Just like anyone can break into a home, anyone can be a hacker. Hacking into personal, public, or business networks is just a digital form of breaking-and-entering, and, although the required knowledge to be an effective hacker is not as common as the ability to pick a lock, the skillset is not difficult to attain.
It is important to note, though, that not all hackers exist with malicious intentions. In fact, some are quite neutral in their actions, and some even do it for a living. Regardless, in the last few years, as more aspects of daily life become digitized, it becomes increasingly difficult to protect our assets from being compromised as more of our communication and personal information is migrated to the cloud.
Because of the ever-increasing number of risks that come along with running a business using the cloud, or protecting your home with cybersecurity, it is important to be aware of just how common the threat of hacking truly is.
The Prevalence of Hacking and What is Most Vulnerable
One of the most alarming aspects of the prevalence of hackers is that they do not have to be too experienced to find their way into your personal network. An artist by the name of Kyle McDonald, along with his friend, threw together an installation called the “WiFi Whisperer” which displayed the data of unwitting passers-by on monitors and speakers. At the time, McDonald was not an expert hacker, he simply used technology that was available to him and had some background knowledge on how to use it exactly for his purposes. He was able to gather their information using:
- Users leaving their WiFi and Bluetooth devices accessible
- Connections to unprotected WiFi networks
- User information being downloaded and uploaded to mobile apps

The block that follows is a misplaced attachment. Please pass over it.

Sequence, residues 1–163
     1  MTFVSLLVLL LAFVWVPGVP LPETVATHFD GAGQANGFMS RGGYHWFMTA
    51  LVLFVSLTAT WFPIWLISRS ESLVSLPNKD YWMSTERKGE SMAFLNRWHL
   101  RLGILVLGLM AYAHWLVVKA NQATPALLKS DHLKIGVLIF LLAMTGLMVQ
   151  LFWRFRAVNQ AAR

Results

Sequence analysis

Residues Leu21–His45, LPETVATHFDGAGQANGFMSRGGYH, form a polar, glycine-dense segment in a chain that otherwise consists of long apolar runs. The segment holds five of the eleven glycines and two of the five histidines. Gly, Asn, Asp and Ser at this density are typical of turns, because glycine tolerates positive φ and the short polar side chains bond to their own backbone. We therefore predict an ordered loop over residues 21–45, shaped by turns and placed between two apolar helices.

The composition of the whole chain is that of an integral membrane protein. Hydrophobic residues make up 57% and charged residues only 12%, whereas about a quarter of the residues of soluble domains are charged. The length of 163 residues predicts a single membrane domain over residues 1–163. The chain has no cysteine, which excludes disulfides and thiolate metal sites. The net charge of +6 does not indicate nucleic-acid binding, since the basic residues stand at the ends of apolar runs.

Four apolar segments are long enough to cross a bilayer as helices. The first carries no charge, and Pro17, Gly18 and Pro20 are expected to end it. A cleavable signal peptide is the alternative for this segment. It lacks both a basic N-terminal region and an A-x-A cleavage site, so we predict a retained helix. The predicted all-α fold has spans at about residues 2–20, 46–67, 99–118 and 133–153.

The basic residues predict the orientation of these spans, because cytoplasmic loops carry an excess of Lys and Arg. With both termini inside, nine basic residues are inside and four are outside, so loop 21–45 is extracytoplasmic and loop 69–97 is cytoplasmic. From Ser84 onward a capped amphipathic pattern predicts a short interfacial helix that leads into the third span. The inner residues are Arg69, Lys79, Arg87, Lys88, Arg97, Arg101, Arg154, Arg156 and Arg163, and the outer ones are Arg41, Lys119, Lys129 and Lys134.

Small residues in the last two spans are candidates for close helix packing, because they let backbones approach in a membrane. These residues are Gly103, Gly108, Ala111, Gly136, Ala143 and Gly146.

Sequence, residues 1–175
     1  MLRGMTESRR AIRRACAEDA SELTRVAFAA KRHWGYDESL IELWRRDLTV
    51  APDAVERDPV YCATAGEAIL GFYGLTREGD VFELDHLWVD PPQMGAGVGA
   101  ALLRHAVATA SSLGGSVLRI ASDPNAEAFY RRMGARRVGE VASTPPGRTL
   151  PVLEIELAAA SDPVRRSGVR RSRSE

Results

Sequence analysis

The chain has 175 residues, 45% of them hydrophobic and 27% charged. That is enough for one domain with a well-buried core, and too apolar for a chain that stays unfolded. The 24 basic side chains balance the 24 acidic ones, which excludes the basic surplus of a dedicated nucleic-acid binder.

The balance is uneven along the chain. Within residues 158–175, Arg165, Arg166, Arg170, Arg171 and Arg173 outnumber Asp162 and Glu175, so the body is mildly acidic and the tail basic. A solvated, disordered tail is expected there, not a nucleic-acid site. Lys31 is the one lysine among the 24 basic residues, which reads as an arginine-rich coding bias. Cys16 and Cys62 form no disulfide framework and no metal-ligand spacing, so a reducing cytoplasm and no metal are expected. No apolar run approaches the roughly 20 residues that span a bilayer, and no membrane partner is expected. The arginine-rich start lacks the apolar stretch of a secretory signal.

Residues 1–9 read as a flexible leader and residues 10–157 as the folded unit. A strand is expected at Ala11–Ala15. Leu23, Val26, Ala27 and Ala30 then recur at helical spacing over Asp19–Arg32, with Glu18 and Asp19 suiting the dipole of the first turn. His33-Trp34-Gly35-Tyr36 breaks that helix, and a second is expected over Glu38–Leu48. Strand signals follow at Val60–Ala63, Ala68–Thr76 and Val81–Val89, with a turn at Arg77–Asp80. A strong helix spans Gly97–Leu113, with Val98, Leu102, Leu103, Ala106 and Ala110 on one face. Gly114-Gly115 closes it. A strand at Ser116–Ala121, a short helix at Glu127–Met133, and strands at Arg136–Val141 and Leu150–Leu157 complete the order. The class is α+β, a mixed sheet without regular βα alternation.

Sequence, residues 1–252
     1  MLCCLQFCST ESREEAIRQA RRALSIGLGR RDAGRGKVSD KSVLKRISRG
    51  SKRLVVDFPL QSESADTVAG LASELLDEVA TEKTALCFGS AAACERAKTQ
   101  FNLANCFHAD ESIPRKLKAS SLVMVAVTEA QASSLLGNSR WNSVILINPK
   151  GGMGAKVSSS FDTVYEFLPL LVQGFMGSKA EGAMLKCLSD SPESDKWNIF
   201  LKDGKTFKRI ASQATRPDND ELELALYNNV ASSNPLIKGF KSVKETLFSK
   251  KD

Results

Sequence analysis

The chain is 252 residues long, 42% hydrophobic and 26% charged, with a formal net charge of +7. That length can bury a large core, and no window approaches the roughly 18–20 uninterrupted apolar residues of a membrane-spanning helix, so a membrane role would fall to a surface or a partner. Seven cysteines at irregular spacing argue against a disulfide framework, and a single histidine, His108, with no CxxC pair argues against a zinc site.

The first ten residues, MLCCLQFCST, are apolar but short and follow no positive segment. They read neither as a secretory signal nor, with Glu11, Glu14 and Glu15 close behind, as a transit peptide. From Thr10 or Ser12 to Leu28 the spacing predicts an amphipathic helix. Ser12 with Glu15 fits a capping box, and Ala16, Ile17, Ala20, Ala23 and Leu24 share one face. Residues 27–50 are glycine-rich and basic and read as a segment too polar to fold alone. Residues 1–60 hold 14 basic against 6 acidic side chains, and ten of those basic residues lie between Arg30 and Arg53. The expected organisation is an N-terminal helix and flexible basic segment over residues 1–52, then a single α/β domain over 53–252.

The installation was intended to function as a point of awareness for mobile data users to know just how vulnerable their devices are to having information stolen.
Certainly, it proved the point that anyone with access to the right technological tools and a little bit of relevant knowledge can steal sensitive information. These tools are also quite easy to access, being available on popular shopping platforms like eBay.
Hacking isn’t exclusive to mobile or desktop devices, either. Researchers Charlie Miller and Chris Valasek demonstrated their versatile hacking abilities by wirelessly carjacking a Jeep Cherokee. By connecting to the vehicle’s entertainment system through the WiFi network, they gained control of car functions and components including:
- Dashboard functions
These researchers’ demonstration, along with McDonald’s display, shows the extent to which hackers can remotely control devices people use in their everyday life. None of them needed sophisticated equipment or massive time commitments to do these things, making it clear how easy and quick hacking activities can be.
Such knowledge should not serve to make you paranoid, rather prepare you to properly secure your mobile devices and any other personal items that may be connected to a WiFi network to protect your business and personal information. When choosing your cybersecurity measures, it is best to do as thorough research as possible to ensure the greatest level of protection to avoid the loss of any personal or business-related data.
Celebrating 10 years of Native News...
We launched Native News Online back in February 2011 with the belief that everyone in Indian Country deserves equal access to news and commentary pertaining to them, their relatives and their communities. That's why the story you’ve just finished was free — and we want to keep it that way, for all readers. We hope it inspires you to celebrate our first decade with a gift of $10 or more to Native News Online so that we can continue publishing more stories that make a difference to Native people, whether they live on or off the reservation. Your donation will help us keep producing quality journalism and elevating Indigenous voices. Any contribution of any amount — big or small — gives us a better, stronger future and allows us to remain a force for change. Donate to Native News Online today and support independent Indigenous journalism. Thank you.